My career path would probably be considerably easier if I wanted to be in management. My father, more of a traditionalist than I am, does not understand why I don’t want to “work my way up the food chain” and become the big boss. No, I explained (more than once), I want to be an independent contributor and remain low(ish) on the food chain. Some people are wired to supervise and lead others. I’m not of that mind set.
Part of the difference between my father’s idea of a career path and mine is that he was in travel and hospitality sales. As you move from sales associate to sales manager to VP, there is still a certain amount of sales involved. There are still management duties, to be sure, but you still have the opportunity to interact with the customers. In the writing and communication worlds, however, it’s been my experience and observation that leadership and personnel activities erode the time you have to write. I love to write. I hate doing paperwork, performance evaluations, disciplinary actions, “counseling,” and all the rest. It’s a limitation I recognized after being in a couple of different supervisory positions. If getting away from writing is a great concern to you and you would prefer to stick with your writing, your career path will be restricted to some degree. If you enjoy leading and developing people too, by all means, go for it! This essay is for those folks who are blessed enough to write for a living and self-aware enough to know that they don’t want to do much else.
So does that mean that if you don’t want to be promoted you can’t move ahead?* Hardly.
(* Here’s a trick: when someone asks you if you want to “move ahead,” you should ask what they mean by that. Your measure of what “moving ahead” means might be quite different from theirs.)
If you wish to grow as a professional communicator, you have two primary methods of making your career more interesting and fulfilling over time without climbing the corporate ladder: broadening your skills or deepening your knowledge.
Broadening Your Skills
This is especially easy in small or medium-size companies, where the staff is more limited and the potential for specialization isn’t as likely. For instance, if you’re a proposal writer in a medium-sized company and your work slacks off, you can walk down the hall and find out if someone outside your area needs writing help. That’s how I ended up working on website content and engineering specifications. I’d never done those before, but templates and formats are easy to find and learn. And the advantages go both ways: another department gets writing help and you get to add another skill set to your resume, with the potential of doing more of that type of work should it be necessary.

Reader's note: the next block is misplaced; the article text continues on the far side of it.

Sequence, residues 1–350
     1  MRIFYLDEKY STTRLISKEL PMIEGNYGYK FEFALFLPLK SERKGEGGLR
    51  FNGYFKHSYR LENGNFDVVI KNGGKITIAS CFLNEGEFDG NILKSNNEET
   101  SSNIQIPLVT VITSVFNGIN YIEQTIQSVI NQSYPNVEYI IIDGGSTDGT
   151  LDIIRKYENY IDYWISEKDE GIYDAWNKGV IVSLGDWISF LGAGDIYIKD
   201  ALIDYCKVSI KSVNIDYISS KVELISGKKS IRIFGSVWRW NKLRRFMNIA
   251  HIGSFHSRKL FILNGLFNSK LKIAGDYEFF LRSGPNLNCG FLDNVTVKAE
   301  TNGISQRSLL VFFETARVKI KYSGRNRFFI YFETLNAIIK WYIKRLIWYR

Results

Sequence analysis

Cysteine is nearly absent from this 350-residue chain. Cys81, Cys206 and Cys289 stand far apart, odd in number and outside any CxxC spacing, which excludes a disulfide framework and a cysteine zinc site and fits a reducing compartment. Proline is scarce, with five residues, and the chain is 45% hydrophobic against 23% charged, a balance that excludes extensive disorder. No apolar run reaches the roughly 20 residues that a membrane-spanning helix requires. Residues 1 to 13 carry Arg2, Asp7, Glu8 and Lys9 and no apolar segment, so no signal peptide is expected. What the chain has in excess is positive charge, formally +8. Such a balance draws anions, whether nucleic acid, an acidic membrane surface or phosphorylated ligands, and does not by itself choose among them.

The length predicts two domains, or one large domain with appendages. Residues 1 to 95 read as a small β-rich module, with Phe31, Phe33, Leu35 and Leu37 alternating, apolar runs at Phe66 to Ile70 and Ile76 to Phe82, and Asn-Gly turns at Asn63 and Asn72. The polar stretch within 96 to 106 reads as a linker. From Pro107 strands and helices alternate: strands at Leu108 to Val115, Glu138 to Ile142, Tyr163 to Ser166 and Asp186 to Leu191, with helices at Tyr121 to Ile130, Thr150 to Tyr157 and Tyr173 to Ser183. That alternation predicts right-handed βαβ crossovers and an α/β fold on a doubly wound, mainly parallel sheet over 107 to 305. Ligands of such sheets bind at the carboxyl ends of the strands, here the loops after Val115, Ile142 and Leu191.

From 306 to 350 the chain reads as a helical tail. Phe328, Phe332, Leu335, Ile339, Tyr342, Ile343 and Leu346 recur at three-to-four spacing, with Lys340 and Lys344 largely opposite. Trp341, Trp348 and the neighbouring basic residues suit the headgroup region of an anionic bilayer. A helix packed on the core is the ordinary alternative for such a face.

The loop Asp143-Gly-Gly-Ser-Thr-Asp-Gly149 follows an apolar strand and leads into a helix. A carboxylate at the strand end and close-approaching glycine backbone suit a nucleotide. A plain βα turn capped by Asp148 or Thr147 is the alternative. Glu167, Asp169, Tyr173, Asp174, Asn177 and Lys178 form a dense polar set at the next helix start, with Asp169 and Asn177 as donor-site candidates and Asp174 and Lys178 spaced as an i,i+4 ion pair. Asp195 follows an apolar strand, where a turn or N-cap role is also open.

Deepening Your Knowledge
Hang around a particular industry long enough and eventually you learn how things work, not just on a content level, but also how the bureaucratic and political processes operate. My last title at NASA was not “Technical Writer,” but “Subject Matter Expert.” You don’t want me designing a rocket or bending metal, but if you want a clear understanding of how a particular architecture, system, or subsystem works in human spaceflight, odds are that I can provide that. This is the side of me that makes my current employer tell me that I’m really an engineer at heart. Yeah, right, but I don’t like math and statistics, which are other limitations of mine, which is why I write for a living.
Taking the Next Step
So let’s say you’ve reached a plateau in your current role: you’ve learned as much technical stuff as you can without getting another degree or getting promoted to manage others. What are your options? It really goes back to deepening your knowledge or broadening your skills.
Deepening your knowledge could mean working for a different subset of your current industry. If you’ve been looking at things from a high-level view (writing for executives or program managers), you might decide to delve deeper and work on the front line, writing documentation for the end product or developing product brochures that go directly to the end user. Likewise, if you’ve been down in the trenches, it might be time to visit the generals’ tent to see what projects they might have for someone with detailed knowledge of the products and what makes them tick.
Broadening your skills might mean doing a different type of writing–say, moving from technical documentation and reports to proposals or from conference papers to policy documents–same industry, different contribution. Or you might take a leap out of your current industry and apply your current skills to a completely new topic while also learning new skills. You lose some of that connection to the industry you’ve known, but if your choices are up, down, or out, perhaps it’s time to choose “out.”
In the end, you have to make career decisions that make sense to you. Some of your decisions might be constrained by your current financial obligations, the status of your spouse or family, or the general state of the economy. However, given a healthy economy and a good understanding of what makes you tick, you can usually identify and then find the type of job you want–one that allows you to move up or move on and keep writing.
And if a family member expresses concern about your career path, you can always inform them that your choices are making you more marketable and a better employee. If you’re continuing to do what you love, odds are you will be.